Senegalese President Leopold Senghor today spoke harshly about the "racist" Menachem Begin government in Israel and said he doubted that there would be a renewed African dialogue with Israel as long as the conservative prime minister's government is in power.
Senghor's statement, made at a press conference, came as a "surprise," outgoing U.N. Ambassador Andrew Young said.
"Senghor is more of an anthropologist than a politician," said Young after his press conference. "He sees the world in terms of race and economics."
Young, who has been leading an eight-nation African trade delegation, has at each stop asked African leaders to consider renewing a dialogue with Israel. Most African countries, including Senegal, broke relations with Israel during the 1973 Middle East war.
Young had not raised his Israeli initiative with Senghor during a brief meeting with the president today, but reporters traveling with Young asked Senghor his opinion following his meeting with Young.
Senghor, 73, exercises considerable influence in French-speaking Africa. He broke his usual pattern of circumspect wordy answers in commenting on Young's initiative. Young was not present during the press conference.
"I don't think anything can come from a racist, non-progressive" political leadership, Senghor said about the right-wing Begin government.
Startled reporters asked Senghor's translator to repeat the response and Senghor, a linguist who understands some English, nodded his assent to the translator's repetition of his statement.
Senghor went on to say that Begin's government had tried to force Senegal into a dialogue by arresting a Senegalese soldier on duty with the U.N. peace-keeping force in Lebanon. The soldier, who was arrested inside Israel, was charged with gunrunning but Senghor maintained today that he was on a holdiay.
"The motto of the Senegalese Army," Senghor said, "is 'You can kill us but you cannot dishonor us.' Begin was trying to force a dialogue with us and trying to dishonor us."
At a press conference later with Senegalese reporters, Young said he still would encourage Senghor to engage in dialogue with Israel.
The intense democracy and vitality of Israel, Young said, makes dialogue worthwhile "whether you happen to disagree with the views of the party in power."
Senghor has close ties to Israeli Labor Party leader Shimon Peres and is a vice president of the Socialist International of which Peres is also a member. Senghor's government in 1967 was the first black African state to grant official recognition to the Palestine Liberation Organization and encouraged them to open an office here.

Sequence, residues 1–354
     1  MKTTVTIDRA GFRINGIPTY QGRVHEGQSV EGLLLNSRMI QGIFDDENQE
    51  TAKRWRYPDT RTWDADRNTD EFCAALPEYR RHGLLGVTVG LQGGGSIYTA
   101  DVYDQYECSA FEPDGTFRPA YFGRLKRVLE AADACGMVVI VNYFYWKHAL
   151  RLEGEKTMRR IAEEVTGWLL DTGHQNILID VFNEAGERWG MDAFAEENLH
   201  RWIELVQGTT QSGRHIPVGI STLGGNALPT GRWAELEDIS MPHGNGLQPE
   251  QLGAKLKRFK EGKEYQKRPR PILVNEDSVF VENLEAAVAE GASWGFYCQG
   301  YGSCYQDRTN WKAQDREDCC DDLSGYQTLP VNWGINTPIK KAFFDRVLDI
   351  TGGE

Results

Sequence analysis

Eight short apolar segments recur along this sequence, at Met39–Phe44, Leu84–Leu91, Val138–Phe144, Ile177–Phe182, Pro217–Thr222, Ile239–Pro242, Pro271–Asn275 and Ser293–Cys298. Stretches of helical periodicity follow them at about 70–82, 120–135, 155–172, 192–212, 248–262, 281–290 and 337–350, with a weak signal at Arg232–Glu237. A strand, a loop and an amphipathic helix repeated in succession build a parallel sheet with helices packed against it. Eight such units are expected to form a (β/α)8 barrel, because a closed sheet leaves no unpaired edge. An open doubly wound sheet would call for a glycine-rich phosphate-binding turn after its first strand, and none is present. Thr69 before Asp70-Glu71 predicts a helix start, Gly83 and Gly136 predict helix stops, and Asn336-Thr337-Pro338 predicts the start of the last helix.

"Senghor has always been a champion of the PLO," said one Western diplomatic source.
Senghor, who is also a poet and a French-language grammarian, said he always has and will oppose the destruction of Israel. He said three groups who have suffered the most were the Jewish Diaspora, blacks during slavery and the Arabs under Turkish rule.
"But now we feel that the Palestinians should have independence," said Senghor, a Catholic whose country is 80 percent Moslem. "We will only renew relations [with Israel] when [the Palestinian] problem is solved."
Senghor, who is considered by many in French-speaking Africa as its leading intellectual, said a solution to the Middle East dilemma could be achieved if taken out of the religious context of Moslem versus Jew.
"The problem can only be solved when Israel is a Semitic state and Arabs can consider themselves Semitic states," he said.
Although Senghor has supported the Egyptian-Israeli peace treaty, his remarks indicated that he will not support Young's effort.
Liberian President William R. Tolbert, who is current chairman of the Organization of African Unity, said a couple of weeks ago he would discuss Young's suggestion with other African leaders. Tolbert is expected to raise it when he addresses the U.N.'S General Assembly later this month.
Senghor also said that an OAU-sponsored dialogue with Israel would be hard to achieve. The 49-nation body, he said is split among communists, socialists and capitalists.
"Any dialogue in a unified manner would be very difficult," he said. "The trouble is we don't think for ourselves and by ourselves," Senghor added.
"The communists get their orders from Moscow and the [capitalists] from the West," said Senghor, who is the leader of Senegal's Socialist Party. The Socialist Party is one of four political parties in Senegal.
Senghor pointed to what he claimed is the presence of 75,000 foreign troops on African soil to buttress his argument that Africa is ideologically split among communists, socialists and capitalists. He said 60,000 were from the Soviet Union, Cuba and East Germany, while Western countries had 15,000 soldiers on the continent.
"We have faced two coup attempts," Sengnor continued, "but never called for French troops." Senegal is a former French colony that still has close ties to France.
"I'm for the withdrawal of all foreign troops," he said.